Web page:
An Ordinance…For the Preservation and Keeping together for publique Use such Books, Evidences, Records and Writings sequestered or taken by Distresse or otherwirse, as are fit to be PreservedLondon, Edward Husbands, 1643
FIRST EDITION. Small 4to. Pp. (iii) 2-6. Black letter, some Roman. Typographic woodcut border to tp, ornamental woodcut headpiece, floriated initial. A nice, well margined copy. Disbound.
This attractive ordinance from Parliament was published during the time of political unrest arising from the beginning of the English Civil War. It calls for the preservation and organisation of books, papers, manuscripts, court proceedings and other records taken or expropriated from wider London and Westminster. It is an attempt to save important documents from being ruined, destroyed or sold off which is stated as being “disadvantageous…to the publique.” The ordinance came at a time where the Parliamentary army had gained notoriety for despoiling and stealing books and documents from the aristocratic and public libraries. A list of nominees are put forth as candidates to ensure the preservation and safe keeping of this literary material. These include Algernon Percy, 10th Earl of Northumberland (1602-1668), who joined the parliamentary committee of safety in July 1642, and was praised by Whitelocke for his “sober and stout carriage to the king.” At the time of the publication of this book he was lobbying against the rife mob violence and proposing methods to parliament to ensure peace. William Fiennes, 1st Viscount Saye and Sele (1582-1662), is also listed, who marched with Charles I in the first Bishops’ War of 1639, along with John Selden (1584-1654), the prominent jurist and scholar who participated in the discussions of the Westminster Assembly in 1643, and the barrister Gilbert Millington (1598-1666) who went on to sign King Charles I’s death warrant. Special emphasis is placed upon the legal records within the Inner and Middle Temples, Gray’s and Lincoln’s Inns being properly inventoried and catalogued. This ordinance may have prompted a number of important documents to be gathered and recorded, preserving them for the ‘publique’ in the 17th century and perhaps today.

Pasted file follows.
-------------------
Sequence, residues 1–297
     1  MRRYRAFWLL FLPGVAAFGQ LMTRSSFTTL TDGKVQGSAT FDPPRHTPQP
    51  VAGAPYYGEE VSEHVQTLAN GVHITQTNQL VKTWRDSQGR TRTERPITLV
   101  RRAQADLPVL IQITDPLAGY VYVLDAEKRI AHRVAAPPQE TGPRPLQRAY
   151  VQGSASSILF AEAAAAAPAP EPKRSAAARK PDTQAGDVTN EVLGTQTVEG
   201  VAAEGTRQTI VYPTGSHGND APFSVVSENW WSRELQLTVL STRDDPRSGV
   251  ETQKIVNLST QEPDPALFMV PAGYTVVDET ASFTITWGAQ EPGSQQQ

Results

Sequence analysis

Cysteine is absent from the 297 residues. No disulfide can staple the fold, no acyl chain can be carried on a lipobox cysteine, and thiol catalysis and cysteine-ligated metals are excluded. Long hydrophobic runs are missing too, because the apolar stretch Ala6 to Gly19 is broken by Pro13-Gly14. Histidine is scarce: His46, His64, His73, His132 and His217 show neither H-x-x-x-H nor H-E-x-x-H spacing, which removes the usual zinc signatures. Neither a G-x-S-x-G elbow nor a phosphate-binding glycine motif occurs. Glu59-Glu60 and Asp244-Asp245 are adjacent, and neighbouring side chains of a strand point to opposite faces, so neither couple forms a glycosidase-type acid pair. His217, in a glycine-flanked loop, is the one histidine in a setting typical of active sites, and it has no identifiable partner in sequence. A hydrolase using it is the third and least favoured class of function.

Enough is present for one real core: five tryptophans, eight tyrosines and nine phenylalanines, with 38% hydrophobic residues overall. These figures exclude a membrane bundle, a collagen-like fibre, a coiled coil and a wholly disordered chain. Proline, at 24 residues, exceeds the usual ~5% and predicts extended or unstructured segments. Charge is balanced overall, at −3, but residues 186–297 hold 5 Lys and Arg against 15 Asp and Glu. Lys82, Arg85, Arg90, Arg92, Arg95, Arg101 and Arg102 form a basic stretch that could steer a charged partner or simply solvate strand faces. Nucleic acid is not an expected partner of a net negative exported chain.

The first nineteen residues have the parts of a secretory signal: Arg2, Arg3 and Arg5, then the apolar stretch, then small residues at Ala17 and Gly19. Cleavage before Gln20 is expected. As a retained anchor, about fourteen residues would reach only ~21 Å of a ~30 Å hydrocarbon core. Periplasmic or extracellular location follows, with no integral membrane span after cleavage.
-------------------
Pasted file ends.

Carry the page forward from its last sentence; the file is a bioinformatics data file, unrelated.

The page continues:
Edward Husbands was printer to the House of Commons throughout this era. Although little is known about his life, he was commissioned to print a prolific number of important decrees and ordinances. These included a 1643 publication of Waller’s Plot, described as a “late treacherous and horrid desighne”, a 1642 account of the war between the Swedes and the French, and almost two hundred others.ESTC R17603; Wing E1780.